That was the second occasion that I was transported back in time;  the first was 10 or 15 minutes earlier, when Sandy Denny’s “Who knows where the time goes?” was used for a dance sequence.

It was December 1966 and I was in Charing Cross  Road, opposite St Martins -in- the-Field, by Trafalgar Square.  I was humping a big, brown leather briefcase  back to my firm’s West  End office.  Beatle hair over my ears and collar, suit and tie.  Suddenly, right in front of me, emerging from a taxi, carrying a guitar case and  wearing a black cape, Sandy Denny.  I’d seen her play and sing at the Nag’s Head in Winstanley Road, Battersea on the previous Sunday night and I like to think  she recognised me (it was a small, smoky upstairs room).  Anyway, I was smitten, although she was a couple of years older than me.

She saw me staring at her, paused and gave me a little quizzical smile; obviously at this point I  should have approached, told her I was a big fan, got an autograph – didn’t do  any of those; too shy- went red, turned away, walked on, kicked myself every night for a month…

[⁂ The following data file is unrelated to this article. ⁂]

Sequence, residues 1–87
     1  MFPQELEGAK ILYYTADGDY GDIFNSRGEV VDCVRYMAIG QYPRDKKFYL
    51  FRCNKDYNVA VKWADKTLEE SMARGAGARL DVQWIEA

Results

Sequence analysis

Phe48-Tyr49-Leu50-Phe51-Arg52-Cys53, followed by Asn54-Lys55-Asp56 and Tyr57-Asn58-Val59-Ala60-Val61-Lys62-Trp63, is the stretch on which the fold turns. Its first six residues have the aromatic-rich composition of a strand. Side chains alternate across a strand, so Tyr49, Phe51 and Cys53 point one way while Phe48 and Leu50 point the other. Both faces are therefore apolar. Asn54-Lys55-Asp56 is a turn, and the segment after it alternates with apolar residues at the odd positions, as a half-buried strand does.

Anyway, art.

Five great St. Georges; google them.

  • Tintoretto, National Gallery
  • Uccello, National gallery
  • Raphael, National gallery of Washington
  • Rubens, Prado
  • Odilon Redon – at least three versions, very strange.

My St.George (again)

Blackpaint

23.04.10

Blackpaint 81

March 4, 2010

I’ve just had a revelation, which is that hardly anybody has read anything that I’ve written in the last 4 months!  All the traffic I’ve been getting goes to Blackpoint 16, where people look at the Michelangelo pics and leave.  That being so, I’m going to carry on, but only write brief entries.

Raphael drawing

Of the woman’s head, was in the news earlier in week – “should it be saved for the nation?” story.  I was interested to see that for the most part, he shades like Mick, diagonal lines, top right to bottom left.  Some almost vertical but mostly as described (see – what else? – Blackpaint 16).

Malcolm in the Middle

Quote:  “He’s a true artist.  Like a true artist, he’ll do almost anything for money.”

Listening to “no More Sad Refrains” by Sandy Denny.

“I won’t linger over any tragedies that were,

I won’t be singing any more sad refrains.”

Blackpaint

4/03/10